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17-year-old girl saves the world from Twitter TV spoilers
Developer Jenny Lamere won a hackathon with Twivo, her app for blocking tweets about TV episodes you haven’t seen yet.
The only thing worse than TV spoilers on Twitter is people complaining about TV spoilers on Twitter.
Thank the old gods and the new that a bright young developer has come up with a way to keep Game of Thrones spoilers off your feed until you actually have time to sit down and watch the latest episode.
What’s especially great is that this tool, a Google Chrome extension called Twivo, is not the brainchild of a well-paid team of developers. Instead, it was created by a 17-year-old girl named Jennie Lamere at a hackathon. What’s more, she was the only female to present a project from around 80 attendees, and the only one to offer a solo project. She won the grand prize.
Lamere, a high school senior from Nashua, N.H., took part in the TVnext Hack event in Boston on April 27. An event spokesman told Mother Jones that while he believed other women took part, no others offered a completed project.
One issue when it comes to avoiding spoilers on Twitter is that of context. Filtering out mentions of Game of Thrones or #gameofthrones on TweetDeck is relatively simple. But it’s much harder to account for people excitedly tweeting about a character’s death or other major event. For those who use Twitter’s website, there’s no clear way to filter out tweets you might not want to see.
Lamere is trying to fix that by blocking out the names of characters from your feed.
She cooked up the idea the night before the event, and it took her 10 hours to create Twivo. You can type in the words you want to block and set a timer for your filter. Lamere told Mother Jones Twivo is still in demo format and needs a couple more weeks’ work before release. However, a tech company called Furious Minds has already offered to help her market the app.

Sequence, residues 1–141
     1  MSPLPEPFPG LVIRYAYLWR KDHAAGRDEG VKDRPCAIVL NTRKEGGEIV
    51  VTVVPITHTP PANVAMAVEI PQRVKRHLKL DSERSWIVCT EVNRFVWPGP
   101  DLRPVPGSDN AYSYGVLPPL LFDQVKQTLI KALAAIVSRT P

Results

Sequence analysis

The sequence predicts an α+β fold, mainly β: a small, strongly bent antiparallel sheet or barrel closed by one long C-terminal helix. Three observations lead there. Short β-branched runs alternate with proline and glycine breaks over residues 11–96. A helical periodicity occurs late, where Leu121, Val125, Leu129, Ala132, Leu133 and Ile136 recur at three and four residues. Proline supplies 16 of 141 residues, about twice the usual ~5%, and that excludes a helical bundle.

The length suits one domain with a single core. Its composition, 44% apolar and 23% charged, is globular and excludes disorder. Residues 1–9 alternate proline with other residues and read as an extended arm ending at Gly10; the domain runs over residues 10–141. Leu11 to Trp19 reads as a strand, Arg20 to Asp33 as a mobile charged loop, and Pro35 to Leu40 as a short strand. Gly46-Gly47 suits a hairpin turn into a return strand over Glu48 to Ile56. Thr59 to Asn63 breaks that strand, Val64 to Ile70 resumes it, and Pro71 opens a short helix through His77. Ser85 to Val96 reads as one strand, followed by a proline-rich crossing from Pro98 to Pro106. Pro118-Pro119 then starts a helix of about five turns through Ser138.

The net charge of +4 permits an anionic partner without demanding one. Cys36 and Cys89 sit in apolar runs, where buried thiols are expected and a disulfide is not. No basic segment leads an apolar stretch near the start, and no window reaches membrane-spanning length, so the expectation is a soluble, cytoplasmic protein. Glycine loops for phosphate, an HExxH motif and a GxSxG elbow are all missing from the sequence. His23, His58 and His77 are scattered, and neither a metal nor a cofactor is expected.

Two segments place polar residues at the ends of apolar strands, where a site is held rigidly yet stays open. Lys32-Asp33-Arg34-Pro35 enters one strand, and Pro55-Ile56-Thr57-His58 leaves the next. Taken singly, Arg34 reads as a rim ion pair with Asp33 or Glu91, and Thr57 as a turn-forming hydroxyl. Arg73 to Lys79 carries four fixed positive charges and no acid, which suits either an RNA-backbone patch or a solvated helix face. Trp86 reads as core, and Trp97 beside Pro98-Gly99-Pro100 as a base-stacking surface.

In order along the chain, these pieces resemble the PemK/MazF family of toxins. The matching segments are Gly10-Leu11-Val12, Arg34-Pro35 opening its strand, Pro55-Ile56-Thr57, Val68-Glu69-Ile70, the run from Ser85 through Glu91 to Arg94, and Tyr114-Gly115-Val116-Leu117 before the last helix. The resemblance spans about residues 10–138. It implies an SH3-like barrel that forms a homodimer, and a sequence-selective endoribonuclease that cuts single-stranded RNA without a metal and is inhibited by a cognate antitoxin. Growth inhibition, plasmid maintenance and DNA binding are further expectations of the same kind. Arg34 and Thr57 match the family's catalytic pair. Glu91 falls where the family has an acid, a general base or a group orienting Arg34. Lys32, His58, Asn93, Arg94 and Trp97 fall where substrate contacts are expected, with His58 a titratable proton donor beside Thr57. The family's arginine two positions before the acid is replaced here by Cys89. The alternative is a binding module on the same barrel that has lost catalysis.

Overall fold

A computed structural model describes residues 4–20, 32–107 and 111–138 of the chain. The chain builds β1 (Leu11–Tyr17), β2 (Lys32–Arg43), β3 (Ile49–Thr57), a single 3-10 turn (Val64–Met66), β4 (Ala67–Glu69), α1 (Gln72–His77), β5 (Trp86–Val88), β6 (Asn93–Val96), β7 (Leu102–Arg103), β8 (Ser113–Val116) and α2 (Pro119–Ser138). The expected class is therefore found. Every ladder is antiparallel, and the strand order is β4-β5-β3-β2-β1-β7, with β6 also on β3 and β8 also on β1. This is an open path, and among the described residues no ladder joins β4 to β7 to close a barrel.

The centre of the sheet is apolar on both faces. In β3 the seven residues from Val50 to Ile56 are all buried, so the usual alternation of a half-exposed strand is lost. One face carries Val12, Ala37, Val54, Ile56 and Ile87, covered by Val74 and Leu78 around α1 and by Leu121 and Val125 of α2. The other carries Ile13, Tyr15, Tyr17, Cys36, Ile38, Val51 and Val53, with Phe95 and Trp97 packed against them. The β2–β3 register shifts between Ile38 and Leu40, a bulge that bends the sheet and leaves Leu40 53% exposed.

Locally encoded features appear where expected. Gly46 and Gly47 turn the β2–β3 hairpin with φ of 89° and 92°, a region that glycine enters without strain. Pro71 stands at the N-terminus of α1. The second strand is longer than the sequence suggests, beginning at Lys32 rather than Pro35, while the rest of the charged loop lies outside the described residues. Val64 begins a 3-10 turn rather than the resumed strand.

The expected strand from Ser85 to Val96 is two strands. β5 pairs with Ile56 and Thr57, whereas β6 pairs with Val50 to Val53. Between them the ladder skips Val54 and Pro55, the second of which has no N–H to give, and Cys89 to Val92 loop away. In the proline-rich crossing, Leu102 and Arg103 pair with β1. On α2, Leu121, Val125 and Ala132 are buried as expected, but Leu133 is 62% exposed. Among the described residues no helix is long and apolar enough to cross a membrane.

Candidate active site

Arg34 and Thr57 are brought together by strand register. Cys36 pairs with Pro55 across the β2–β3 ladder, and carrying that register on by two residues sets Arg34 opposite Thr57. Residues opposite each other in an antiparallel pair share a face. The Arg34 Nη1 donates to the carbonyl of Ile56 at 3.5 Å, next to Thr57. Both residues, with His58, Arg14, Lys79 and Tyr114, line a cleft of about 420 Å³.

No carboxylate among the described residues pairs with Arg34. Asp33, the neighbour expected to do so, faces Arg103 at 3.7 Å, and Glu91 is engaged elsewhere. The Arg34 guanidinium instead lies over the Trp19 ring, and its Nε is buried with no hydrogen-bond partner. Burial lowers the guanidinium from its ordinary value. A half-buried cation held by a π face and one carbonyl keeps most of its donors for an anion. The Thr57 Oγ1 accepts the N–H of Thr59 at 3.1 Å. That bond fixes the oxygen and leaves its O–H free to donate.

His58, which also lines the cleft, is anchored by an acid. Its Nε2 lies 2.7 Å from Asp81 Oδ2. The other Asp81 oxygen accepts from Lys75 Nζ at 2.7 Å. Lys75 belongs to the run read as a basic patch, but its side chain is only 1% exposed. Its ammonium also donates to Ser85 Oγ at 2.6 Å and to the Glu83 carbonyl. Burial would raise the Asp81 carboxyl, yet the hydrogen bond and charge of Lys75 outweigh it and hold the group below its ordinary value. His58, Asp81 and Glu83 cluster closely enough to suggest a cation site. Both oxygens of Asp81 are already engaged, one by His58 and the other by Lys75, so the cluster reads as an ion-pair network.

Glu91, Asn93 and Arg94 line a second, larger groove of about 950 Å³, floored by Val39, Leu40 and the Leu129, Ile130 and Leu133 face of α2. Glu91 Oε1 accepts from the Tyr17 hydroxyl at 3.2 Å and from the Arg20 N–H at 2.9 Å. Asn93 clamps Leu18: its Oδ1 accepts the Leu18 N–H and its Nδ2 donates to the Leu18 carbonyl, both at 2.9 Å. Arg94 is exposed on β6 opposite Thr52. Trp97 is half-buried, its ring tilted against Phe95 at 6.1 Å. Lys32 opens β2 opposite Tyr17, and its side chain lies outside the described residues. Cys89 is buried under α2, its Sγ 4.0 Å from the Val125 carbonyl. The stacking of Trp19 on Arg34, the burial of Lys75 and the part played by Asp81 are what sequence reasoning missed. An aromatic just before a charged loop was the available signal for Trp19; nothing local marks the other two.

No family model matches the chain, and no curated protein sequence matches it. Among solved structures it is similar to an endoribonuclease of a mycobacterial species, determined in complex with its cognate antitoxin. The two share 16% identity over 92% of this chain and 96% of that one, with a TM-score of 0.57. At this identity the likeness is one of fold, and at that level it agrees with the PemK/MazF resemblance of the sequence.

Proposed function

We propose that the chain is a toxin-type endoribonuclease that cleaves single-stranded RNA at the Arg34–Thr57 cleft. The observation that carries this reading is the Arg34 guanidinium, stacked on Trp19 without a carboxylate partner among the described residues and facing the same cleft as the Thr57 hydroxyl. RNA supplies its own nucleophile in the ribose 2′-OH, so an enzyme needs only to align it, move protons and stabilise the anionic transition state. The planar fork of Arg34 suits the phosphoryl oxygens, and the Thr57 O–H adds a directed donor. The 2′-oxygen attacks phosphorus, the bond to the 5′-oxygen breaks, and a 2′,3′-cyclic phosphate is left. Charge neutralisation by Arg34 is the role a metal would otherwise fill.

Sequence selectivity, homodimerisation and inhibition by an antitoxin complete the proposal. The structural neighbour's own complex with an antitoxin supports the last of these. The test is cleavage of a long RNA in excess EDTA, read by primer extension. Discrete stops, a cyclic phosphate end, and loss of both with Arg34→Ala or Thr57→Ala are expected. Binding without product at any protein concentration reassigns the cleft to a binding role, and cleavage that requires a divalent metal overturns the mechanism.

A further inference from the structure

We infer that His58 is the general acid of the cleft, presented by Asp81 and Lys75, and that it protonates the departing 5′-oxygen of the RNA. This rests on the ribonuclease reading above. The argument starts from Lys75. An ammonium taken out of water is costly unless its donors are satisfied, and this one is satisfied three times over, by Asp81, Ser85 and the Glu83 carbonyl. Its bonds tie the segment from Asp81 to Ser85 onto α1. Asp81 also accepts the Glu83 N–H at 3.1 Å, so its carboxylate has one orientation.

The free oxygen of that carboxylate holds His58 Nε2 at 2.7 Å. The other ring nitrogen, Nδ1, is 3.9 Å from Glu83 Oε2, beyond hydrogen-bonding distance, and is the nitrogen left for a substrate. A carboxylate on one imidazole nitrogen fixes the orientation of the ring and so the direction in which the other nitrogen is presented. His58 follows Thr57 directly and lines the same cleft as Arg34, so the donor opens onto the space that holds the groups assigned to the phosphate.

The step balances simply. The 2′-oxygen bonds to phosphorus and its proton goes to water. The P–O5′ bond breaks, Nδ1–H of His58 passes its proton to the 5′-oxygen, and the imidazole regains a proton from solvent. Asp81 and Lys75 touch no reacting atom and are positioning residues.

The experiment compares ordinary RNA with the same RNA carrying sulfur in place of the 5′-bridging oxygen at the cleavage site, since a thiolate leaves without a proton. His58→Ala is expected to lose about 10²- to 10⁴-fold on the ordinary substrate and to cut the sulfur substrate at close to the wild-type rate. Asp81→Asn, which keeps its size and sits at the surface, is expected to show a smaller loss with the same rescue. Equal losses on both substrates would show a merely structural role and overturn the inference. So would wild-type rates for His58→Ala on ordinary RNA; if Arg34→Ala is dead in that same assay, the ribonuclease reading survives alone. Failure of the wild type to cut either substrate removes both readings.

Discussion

She won the sub-category, “best use of sync-to-broadcast,” along with the Best in Show title to earn her goodies like iPad minis and an Apple TV. Lamere even beat out teams sent by sponsors of the hackathon, including ESPN, Klout, and the Echo Nest, where her dad is director of developer platform.
After graduation, the teen will enroll at the Rochester Institute of Technology, and plans to major in software engineering. She eventually hopes to work for Google.
In the short term, Lamere’s focus is on finals and finishing up Twivo. Perhaps she will find a way to allow users to block all keywords associated with a show by clicking a single button; needing to manually enter terms you wish to block is cumbersome and you might miss a few relevant phrases, causing you to accidentally see a spoiler in your feed.
Nevertheless, Lamere’s creating a tool that could prove invaluable to TV fans and even those who can’t make it to a big movie on opening weekend. Spoilers might be the worst, but Lamere’s certainly the best in class.
Photo by @plamere/Twitter
Based in Montreal, Kris Holt has been writing about technology and web culture since 2010. He writes for Engadget and Tech News World, and his byline has also appeared in Paste, Salon, International Business Times, Mashable, and elsewhere.